In addition to the similar games listed above, which have been linked to this game specifically in the database, you may find games with a similar theme to Orwell's Animal Farm in the following lists:
We have partnered with the National Literacy Trust
to create this resource of video games that encourage and enable reading and writing skills.
The National Literacy Trust is a charity dedicated to improving the reading, writing, speaking and listening skills of children and young people who need it most, giving them the best possible chance of success in school, work and life.
Video games have significant benefits for children who are reluctant or struggling readers. They give them access to stories through interaction and world building which they may not have been able to read in print. Video games also have benefits for families where parents may not be confident readers, meaning that sharing stories as a family is still accessible to all. The rise of video games on smartphones and tablets, as well as more affordable game consoles has made the sharing of interactive stories easier.
There are different ways that video games create this kind of collateral reading and aid literacy:
Reading In Games: Video games offer all sorts of reading at all levels. This can be from simple narrative in a game like Florence to dialogue in a game like Mutazione or even just identifying useful items and game mechanics with in-game descriptions in a game like Zelda Breath of the Wild. Then there are games like Thousand Threads that help players think about the power and the consequence of words.
Reading Around Games: Video games create worlds that often spawn secondary texts. This can be official novels that expand the world or guide books that offer instructions and help. Knights and Bikes, for example, has spin off books, a cartoon series and recipes to read.
Routes Into Books: Many popular book series, such as Beast Quest, offer a range of video games as an easy first step into those worlds that lead to then reading the books themselves.
Communication Around Games: As well as reading, games encourage all sorts of creative output. This can be to contribute to the many online forums and message boards to talk about the game. This can also be to write fan-fiction after being inspired about a game world or character. The Sims, for example, has an avid community writing and creating all kinds of content online.
Being able to discern between reliable sources and unreliable sources of information is an important skill for children to develop. This starts with questions of trust and authority but then leads to decisions about how we use and share information ourselves.
We've worked with Childnet International
on this list of games that help children and young people experiment with what they should trust and the potential unintended consequences. Childnet International is an online safety charity working with others to help make the internet a great and safe place for children and young people. They believe that the internet is a wonderfully positive tool for children and young people. Childnet are also part of the UK Safer Internet Centre and organise Safer Internet Day in the UK every February.
Some of the games, like Thousand Threads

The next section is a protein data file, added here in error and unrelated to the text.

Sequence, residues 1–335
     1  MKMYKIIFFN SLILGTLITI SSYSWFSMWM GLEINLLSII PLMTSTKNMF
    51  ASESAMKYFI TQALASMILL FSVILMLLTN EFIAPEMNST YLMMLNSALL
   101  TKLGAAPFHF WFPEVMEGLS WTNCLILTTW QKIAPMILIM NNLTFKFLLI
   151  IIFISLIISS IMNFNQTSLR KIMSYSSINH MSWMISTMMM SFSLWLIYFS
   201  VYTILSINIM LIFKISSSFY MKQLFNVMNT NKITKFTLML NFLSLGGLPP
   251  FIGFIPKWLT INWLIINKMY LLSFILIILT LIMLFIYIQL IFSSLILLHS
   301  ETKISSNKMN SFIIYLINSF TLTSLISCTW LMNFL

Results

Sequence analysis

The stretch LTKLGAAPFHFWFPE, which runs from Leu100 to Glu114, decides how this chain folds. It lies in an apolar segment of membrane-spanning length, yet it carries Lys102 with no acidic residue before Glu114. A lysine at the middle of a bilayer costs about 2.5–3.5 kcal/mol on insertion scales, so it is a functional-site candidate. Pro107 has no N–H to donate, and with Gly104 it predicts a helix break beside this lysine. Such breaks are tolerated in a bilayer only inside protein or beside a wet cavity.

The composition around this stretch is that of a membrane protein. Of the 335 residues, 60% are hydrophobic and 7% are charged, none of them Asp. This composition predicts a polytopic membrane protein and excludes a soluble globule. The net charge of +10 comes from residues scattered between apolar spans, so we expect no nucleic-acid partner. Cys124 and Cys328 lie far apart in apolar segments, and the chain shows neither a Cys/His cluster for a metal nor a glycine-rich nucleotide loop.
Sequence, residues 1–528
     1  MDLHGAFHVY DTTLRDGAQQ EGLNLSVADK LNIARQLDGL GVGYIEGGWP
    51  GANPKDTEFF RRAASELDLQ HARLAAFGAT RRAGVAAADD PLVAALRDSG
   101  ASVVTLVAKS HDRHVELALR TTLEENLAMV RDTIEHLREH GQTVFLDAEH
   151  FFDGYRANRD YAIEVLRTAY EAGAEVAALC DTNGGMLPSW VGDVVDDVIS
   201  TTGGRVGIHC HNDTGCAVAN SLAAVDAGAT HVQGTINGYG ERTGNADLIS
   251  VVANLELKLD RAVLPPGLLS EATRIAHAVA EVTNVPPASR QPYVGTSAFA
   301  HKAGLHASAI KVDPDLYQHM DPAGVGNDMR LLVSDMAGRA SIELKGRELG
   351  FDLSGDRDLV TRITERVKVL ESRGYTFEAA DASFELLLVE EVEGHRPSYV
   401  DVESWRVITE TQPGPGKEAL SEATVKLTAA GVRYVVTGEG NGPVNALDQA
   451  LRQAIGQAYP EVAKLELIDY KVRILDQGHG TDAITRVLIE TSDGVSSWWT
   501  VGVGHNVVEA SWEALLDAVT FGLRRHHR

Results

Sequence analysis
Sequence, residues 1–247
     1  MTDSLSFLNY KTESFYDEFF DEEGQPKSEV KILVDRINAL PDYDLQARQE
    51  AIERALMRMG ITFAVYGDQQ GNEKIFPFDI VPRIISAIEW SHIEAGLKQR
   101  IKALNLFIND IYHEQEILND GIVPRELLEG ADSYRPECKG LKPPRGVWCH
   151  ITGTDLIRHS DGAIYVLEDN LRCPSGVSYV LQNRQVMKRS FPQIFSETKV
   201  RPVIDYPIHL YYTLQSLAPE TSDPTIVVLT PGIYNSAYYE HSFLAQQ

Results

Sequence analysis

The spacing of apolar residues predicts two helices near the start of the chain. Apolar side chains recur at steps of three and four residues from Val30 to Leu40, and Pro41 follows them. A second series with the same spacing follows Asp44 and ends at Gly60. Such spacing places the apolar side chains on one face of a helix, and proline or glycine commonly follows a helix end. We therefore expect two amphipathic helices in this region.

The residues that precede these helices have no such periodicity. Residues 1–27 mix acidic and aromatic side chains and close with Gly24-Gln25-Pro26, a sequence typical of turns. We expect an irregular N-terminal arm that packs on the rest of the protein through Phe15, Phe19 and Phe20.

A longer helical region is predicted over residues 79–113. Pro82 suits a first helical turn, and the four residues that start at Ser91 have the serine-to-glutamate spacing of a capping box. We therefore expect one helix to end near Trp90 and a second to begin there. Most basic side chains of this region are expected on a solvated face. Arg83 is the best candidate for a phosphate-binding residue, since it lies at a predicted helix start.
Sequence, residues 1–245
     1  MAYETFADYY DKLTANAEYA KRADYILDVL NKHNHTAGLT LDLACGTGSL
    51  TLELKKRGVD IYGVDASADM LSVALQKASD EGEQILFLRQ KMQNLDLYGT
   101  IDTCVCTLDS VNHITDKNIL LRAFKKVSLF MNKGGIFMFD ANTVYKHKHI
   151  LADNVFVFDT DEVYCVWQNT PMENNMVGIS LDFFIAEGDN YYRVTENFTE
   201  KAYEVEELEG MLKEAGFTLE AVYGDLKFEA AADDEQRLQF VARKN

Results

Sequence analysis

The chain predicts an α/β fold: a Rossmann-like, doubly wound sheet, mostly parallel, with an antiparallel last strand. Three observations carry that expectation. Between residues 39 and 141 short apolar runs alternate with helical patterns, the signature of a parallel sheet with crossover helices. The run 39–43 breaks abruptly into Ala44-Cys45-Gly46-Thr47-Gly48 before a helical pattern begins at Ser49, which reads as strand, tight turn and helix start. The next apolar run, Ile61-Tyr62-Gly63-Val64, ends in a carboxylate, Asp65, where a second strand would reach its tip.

, either put them in a world where what people say and believe impacts the other characters. Other games, like Headliner
, put the player in charge of information so they can see the consequences first hand of its misuse. There are even games, like Papers Please
, that enable the player to police who is and isn't allowed access to information or even access to the country.
As Childnet write, "Critical Thinking is an important skill that we need in order to navigate the internet safely and find the latest news headlines or facts and information. With the amount of content that is online sometimes it’s quite easy to be reading something that is inaccurate without realising."
These games each provide different ways for players to develop critical thinking. They provide a space where trust and authority can be experienced first hand, and where the negative and positive consequences of how we handle these topics play out.
These games have an educational element to them, but also offer experiences that are good games in their own right. This isn't busywork to trick you into learning, but clever and innovative ways to encounter history, physics, engineering, maths, geography and language subjects without feeling like you are in school. They also teach softer, deeper skills like long term strategy, planning, balancing systems, emotional intelligence, compassion, team-work and self-care.
Some of these games are aimed at younger players to play on their own, but others (as indicated by their PEGI ratings) are better for teenagers or played together in a family. Find some games that pique your interest, read through the details and decide how your child might benefit from playing them.
Things don’t stay put. You’re the only one keeping the ship afloat. You can’t get people to do what you tell them. The effort you spend doesn’t produce the results it deserves. Well, in these video games you get to wield complete control over people, things, situations or even whole worlds.
If games offer an escape from chaos, these games are particularly good at granting a sense of satisfying agency and power as they do that. Whether it’s ordering the perfect stock room in Wilmot’s Warehouse
, organising your island in Animal Crossing
, perfectly controlling the flow of traffic in Mini Motorways
or even build civilisation just the way you want it in Civilization
the sense of satisfaction and calm from the achievement is second to none.